You can initiate a maintenance installation activity at any time. You can then install the current CA RS level of maintenance (recommended) or an earlier level. Additionally, you can install maintenance to support a new hardware device, software upgrade, or function using the FIXCAT method.
For all maintenance,
you initiate any maintenance action, obtain the current SMP/E HOLDDATA.
More Information:
To apply preventive maintenance using, see the
online help, or the product page at
First Time Installation Using the BPI
For first-time installations, use the Best Practices Implementation (BPI) method to set up a complete implementation of the product. After installing, use the BPI method to set up an implementation, with minimum customization, to get you started using the application. The BPI is delivered as a set of input tables and jobs that you configure and run. After you complete the BPI, you will be ready to load your source code into the
CA Endevor SCM
inventory structure that supports the software development lifecycle.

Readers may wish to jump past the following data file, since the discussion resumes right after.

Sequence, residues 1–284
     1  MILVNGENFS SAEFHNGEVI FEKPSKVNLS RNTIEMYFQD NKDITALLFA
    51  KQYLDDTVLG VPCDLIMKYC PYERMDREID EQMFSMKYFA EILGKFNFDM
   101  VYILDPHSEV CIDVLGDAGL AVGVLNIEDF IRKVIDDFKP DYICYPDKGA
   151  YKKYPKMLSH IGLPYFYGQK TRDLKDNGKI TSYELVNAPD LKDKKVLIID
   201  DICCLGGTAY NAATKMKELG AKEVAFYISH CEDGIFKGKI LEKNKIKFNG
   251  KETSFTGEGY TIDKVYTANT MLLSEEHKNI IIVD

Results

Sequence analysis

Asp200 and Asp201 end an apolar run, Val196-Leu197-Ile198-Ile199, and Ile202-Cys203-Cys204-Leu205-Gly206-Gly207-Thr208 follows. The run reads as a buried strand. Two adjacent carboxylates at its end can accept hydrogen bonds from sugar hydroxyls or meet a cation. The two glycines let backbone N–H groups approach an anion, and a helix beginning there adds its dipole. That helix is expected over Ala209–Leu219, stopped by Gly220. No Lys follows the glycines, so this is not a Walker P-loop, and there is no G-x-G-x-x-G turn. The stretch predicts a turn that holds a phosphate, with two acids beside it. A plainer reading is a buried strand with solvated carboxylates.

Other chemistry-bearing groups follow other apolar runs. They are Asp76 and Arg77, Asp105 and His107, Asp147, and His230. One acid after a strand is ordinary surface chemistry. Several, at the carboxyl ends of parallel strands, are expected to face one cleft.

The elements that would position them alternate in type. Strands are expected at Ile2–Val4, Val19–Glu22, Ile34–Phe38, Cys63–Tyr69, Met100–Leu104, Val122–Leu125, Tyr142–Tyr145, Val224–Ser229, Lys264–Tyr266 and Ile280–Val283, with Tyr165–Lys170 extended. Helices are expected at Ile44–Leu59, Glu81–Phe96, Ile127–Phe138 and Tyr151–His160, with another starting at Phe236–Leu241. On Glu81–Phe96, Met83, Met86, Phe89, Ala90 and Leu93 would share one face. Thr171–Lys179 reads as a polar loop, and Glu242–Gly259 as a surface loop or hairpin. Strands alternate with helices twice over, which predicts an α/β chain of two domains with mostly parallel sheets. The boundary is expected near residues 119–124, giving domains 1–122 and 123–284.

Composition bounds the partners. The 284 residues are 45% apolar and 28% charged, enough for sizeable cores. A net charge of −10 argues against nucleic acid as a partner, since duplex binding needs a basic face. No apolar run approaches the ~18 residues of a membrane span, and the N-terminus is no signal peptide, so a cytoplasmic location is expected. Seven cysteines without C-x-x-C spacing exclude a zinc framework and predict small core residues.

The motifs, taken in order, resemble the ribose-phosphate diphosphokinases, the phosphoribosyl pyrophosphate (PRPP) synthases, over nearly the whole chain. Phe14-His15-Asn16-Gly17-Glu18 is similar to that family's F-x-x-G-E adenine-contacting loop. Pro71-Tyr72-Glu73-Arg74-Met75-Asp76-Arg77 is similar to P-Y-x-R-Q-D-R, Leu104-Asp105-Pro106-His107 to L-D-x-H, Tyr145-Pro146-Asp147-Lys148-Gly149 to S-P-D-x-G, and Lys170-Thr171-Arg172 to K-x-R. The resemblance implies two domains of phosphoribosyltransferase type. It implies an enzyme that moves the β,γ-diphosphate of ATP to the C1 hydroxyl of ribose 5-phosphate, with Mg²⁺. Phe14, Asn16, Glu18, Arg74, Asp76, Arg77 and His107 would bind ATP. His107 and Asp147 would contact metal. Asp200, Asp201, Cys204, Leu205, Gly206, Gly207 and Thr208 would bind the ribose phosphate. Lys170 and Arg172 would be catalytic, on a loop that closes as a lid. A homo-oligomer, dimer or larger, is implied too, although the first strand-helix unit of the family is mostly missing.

Business Value:
The BPI method builds a best practices and customizable software development environment that is complete and includes a lifecycle and inventory structure.
More information:
For more information about the BPI process, see the Best Practices Implementation.
Logical Structure
The following best practices apply to implementing your site's logical structure, which includes your site's software change management lifecycle and software inventory classification scheme.
Avoid Confusing Environment and Stage Names
All environment names and stage names should be the same length and the names should be unique.
Business Value:
When names are the same length, it is easier to use a name as part of a data set name. Unique names avoid confusion when referencing a particular stage.